Ease of accessing files from several devices or locations was a main reason for using the cloud
Amongst the reasons for using cloud services (figure 7), three in five users of internet storage space identified the possibility to use files from several devices or locations (59 %) and to share files with other persons easily (59 %). Furthermore, over half of users gave protection against data loss as a reason for using the cloud (55 %). Users also valued having a larger memory space (44 %) and being able to access large libraries of music, films or TV programmes (22 %).
Over a quarter of the population using the internet but unaware of cloud services
In 2014, 55 % of the EU population used the internet but did not use internet storage space for saving or sharing files. Individuals who used the internet but were not aware of the existence of cloud services offering internet storage made up over a quarter (26 %) of the population (figure 8).
Concerns about security and privacy a main barrier to the use of cloud services
Looking at the population segment of those who used the internet and were aware of cloud services but did not use them, 44 % cited security or privacy concerns as reason for not making use of such services, 28 % mentioned concerns about the reliability of service providers and 22 % a lack of skills . The majority (64 %) saved files on their own devices or e-mail accounts (figure 9).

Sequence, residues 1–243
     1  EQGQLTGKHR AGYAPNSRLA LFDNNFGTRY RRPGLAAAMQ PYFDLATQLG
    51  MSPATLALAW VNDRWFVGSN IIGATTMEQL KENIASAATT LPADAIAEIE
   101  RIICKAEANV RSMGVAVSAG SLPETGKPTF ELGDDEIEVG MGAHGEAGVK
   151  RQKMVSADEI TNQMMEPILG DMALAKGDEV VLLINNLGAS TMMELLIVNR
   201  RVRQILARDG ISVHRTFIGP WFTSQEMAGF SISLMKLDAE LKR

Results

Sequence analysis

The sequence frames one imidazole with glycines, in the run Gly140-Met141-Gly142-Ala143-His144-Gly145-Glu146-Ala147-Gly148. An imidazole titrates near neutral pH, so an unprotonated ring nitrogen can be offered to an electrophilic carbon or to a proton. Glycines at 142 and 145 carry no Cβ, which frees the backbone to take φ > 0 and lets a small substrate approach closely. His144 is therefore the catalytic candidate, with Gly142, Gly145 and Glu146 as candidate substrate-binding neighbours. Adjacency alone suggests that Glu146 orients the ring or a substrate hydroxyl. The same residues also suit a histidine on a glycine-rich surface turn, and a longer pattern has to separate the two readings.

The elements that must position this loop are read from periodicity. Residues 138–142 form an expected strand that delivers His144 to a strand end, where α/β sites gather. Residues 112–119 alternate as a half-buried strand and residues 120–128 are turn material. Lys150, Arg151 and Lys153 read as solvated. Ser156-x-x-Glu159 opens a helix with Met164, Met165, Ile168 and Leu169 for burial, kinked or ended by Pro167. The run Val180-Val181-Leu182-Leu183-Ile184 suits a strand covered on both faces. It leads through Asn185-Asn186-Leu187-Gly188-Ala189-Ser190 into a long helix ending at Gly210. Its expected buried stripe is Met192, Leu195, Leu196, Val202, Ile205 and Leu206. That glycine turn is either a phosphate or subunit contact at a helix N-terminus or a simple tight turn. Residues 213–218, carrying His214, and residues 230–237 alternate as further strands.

One in ten individuals used software run over the internet for editing documents, spreadsheets or presentations
Cloud services can give users access to software for editing text, spreadsheets or presentations. In 2014, 12 % of the EU population used such software. The proportion was higher among 16-24 year olds, at 23 %, than among older age groups, with 13 % of 25-54 year olds and 4 % of 55-74 year olds reporting making use of such software (figure 10).
Data sources and availability
The data in this article are based on the results of the annual surveys on ICT usage in households and by individuals. Data for 2014 were aggregated from microdata transmitted by all EU Member States and other countries (Iceland, Norway, and Switzerland). They are available on the Eurostat website (see link below). Researchers can also apply for access to the microdata.